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Sunday, May 25, 2003 - Page updated at 12:00 a.m.
You've spent four years in school (more or less) and now you're ready to graduate. Maybe you're one of the lucky ones and you've already landed your first "real job." But are you ready to enter the workforce?
You may be able to crunch the numbers, or write the report; but what about the things they don't teach at school? What makes a good handshake? How should you dress? Will you know what to do at that first business lunch?
Here are a few tips to help you avoid common mistakes.
Remember the Utensil Rule: Order food you can eat easily with a fork or spoon. Avoid red sauces, cherry tomatoes, burgers, pizza. Otherwise, you might be wearing the evidence all day.
Silverware: Start outside, work inside. If you're really worried, wait and see what everyone else is using. As long as you don't eat your steak with a cocktail fork, you'll be fine.
If, for some reason, you get stuck choosing the wine, relax. There are general guidelines (red wine with red meat and red sauces; white with white meat, fish and white sauces) but even those are often cast aside by true wine lovers. If you are completely mystified, ask your tablemates or server for a suggestion.
The wine-presentation ritual: Not as esoteric as it appears, but it can be mystifying to the uninitiated. The purpose of the ritual is to make sure the wine hasn't spoiled. A quick primer:
(1) The steward or server will show you the label. You're supposed to make sure it's the same bottle that you ordered.
(2) He will uncork the bottle and set the cork next to you on the table. You can look at the cork to see how far it has been penetrated by the wine; if the wine stain goes all the way through the cork, the wine may have spoiled. Don't bother sniffing the cork, unless you really want to.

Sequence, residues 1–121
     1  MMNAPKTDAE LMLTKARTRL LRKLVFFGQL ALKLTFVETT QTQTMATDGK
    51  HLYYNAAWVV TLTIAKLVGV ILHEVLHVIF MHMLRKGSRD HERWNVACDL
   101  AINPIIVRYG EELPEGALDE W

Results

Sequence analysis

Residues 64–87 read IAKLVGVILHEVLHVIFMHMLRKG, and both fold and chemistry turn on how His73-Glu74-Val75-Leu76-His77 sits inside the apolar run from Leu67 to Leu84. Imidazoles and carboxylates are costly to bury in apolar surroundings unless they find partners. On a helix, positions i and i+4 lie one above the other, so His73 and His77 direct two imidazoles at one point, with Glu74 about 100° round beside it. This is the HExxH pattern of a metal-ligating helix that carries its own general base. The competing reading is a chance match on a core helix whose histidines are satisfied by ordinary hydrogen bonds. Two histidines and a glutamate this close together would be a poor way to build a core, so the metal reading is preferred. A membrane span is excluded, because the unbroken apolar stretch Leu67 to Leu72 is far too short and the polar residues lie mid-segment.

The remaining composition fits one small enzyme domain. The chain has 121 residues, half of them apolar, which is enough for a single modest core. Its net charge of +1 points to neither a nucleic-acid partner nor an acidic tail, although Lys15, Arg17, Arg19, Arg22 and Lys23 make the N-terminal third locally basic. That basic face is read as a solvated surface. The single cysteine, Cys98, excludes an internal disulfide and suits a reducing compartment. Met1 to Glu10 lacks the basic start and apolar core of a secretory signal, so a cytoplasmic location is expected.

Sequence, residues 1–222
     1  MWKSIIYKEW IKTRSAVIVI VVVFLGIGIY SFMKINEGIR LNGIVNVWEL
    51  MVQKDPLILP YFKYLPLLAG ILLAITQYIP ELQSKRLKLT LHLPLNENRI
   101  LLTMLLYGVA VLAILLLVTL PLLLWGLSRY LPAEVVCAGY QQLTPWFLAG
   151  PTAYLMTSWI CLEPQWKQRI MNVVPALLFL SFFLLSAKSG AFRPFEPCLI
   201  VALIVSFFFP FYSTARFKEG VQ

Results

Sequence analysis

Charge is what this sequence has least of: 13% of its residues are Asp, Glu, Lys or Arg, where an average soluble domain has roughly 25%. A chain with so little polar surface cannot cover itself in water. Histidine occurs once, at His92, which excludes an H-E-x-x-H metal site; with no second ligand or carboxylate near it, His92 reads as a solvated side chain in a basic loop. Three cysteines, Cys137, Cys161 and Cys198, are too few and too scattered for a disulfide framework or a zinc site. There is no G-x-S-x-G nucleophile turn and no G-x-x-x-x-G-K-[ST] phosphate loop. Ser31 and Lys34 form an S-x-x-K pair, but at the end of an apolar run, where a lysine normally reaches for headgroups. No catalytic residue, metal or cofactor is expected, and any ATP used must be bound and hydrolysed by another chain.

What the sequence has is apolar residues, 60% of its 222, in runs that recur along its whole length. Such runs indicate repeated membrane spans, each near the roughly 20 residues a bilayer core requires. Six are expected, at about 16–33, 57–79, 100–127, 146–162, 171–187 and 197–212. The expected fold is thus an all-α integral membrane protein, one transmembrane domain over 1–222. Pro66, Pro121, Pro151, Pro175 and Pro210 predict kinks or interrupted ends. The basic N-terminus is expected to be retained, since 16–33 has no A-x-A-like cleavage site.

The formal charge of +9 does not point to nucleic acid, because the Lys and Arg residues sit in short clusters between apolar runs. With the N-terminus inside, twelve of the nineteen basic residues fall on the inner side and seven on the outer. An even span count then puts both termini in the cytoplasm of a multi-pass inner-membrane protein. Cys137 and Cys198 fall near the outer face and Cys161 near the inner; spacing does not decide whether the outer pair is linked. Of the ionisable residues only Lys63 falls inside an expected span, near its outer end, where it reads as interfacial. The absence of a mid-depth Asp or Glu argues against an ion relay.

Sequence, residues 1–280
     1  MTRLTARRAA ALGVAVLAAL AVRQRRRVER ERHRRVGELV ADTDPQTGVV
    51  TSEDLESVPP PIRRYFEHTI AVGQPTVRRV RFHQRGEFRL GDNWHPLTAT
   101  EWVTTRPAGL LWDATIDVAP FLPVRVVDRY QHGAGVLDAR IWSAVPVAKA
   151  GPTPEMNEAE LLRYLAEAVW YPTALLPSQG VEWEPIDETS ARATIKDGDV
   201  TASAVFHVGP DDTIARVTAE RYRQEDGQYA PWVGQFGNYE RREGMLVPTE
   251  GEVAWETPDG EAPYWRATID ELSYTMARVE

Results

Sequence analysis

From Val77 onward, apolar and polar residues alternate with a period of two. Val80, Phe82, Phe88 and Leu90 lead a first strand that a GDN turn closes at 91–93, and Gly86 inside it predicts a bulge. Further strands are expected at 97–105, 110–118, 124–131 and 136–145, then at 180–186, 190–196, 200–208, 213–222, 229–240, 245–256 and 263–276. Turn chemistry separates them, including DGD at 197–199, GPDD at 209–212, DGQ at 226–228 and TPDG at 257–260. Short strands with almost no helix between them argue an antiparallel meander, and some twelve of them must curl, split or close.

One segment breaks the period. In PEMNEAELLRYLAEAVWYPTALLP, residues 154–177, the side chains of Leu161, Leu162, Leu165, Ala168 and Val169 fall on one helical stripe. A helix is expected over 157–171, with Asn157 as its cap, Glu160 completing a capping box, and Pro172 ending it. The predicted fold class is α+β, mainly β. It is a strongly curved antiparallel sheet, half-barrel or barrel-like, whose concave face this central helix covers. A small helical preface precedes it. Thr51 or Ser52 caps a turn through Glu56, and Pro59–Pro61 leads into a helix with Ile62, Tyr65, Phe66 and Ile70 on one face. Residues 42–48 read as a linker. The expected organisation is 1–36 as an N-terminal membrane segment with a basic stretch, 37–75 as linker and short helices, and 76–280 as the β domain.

(3) He will pour a little wine into your glass. You're supposed to smell the wine. If you want to, you can swirl it around a little while you sniff.
(4) If it doesn't smell spoiled, have a taste. If it doesn't taste spoiled, voice your approval to the server.
HOW TO DRESS FOR WORK
"Business casual" is a vague term, providing lots of room for error.
Overdress for the first day of work. Then decide how casual you can be for Day Two.
Wait until after your first day to buy a closetful of work clothes.
Remember: It's business casual. Tuck in your shirt, keep your belly-button ring to yourself, and learn to use that iron your parents gave you.
Men: If your dress-code is "professional" and you must wear a suit, think basic blue or gray. Sharkskin or retro-plaid might make a statement, but it's likely the wrong statement for the workplace.
Dressing well not only makes a good impression, it creates a mindset for success: "The way you dress affects the way you think, feel and behave, and then how others react to you."
HOW TO ACT AT WORK
Your first job is not the place to hone your slacker skills.
Handshakes: Keep it simple. Eye contact, firm grip, three seconds, done.
Speak well: Don't be all, like, um, you know.
Find a mentor: Someone experienced, respected and amiable. Anyone with these qualifications will be happy to help. Just ask.
Be bold: Ask questions. If you're new and not asking questions, your boss might think you don't care. So, ask away. Just be sure to learn as you go along.
Show up early: But don't make a habit of staying late. If your bosses notice you staying until 8 every night, they might wonder why you can't finish your work during the day.
Internet and e-mail: Remember the Desk Rule. Don't view anything on your computer that you would be ashamed to leave on your desk. Assume someone is monitoring your online activity.
Office romances: Bad idea, most experts say. But according to recent studies, between 25 to 75 percent of workers admit to workplace affairs. If it's your first job, and you're trying to make a good impression, it might be best to heed the experts.
Sources: "life after school. explained." Cap & Compass; "Graduate! everything you need to succeed after college," Kristen M. Gustafson (Capital Books); "Most Likely To Succeed At Work," Wilma Davidson, Ed.D., and Jack Dougherty (St. Martin's Press); "A Car, Some Cash, And A Place To Crash: The only post-college guide you'll ever need," Rebecca M. Knight (Rodale).
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